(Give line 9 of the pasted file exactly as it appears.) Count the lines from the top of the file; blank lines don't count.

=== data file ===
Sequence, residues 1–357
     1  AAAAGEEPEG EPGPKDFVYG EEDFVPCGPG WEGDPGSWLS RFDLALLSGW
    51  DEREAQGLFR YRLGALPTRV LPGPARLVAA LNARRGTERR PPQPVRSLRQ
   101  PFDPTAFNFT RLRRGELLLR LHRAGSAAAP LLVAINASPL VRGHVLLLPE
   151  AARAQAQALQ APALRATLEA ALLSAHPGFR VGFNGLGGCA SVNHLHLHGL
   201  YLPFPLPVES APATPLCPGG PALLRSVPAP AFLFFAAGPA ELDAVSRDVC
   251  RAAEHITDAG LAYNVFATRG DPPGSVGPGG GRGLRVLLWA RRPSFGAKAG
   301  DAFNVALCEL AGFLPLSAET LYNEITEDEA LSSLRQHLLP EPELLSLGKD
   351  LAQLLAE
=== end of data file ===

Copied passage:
   351  LAQLLAE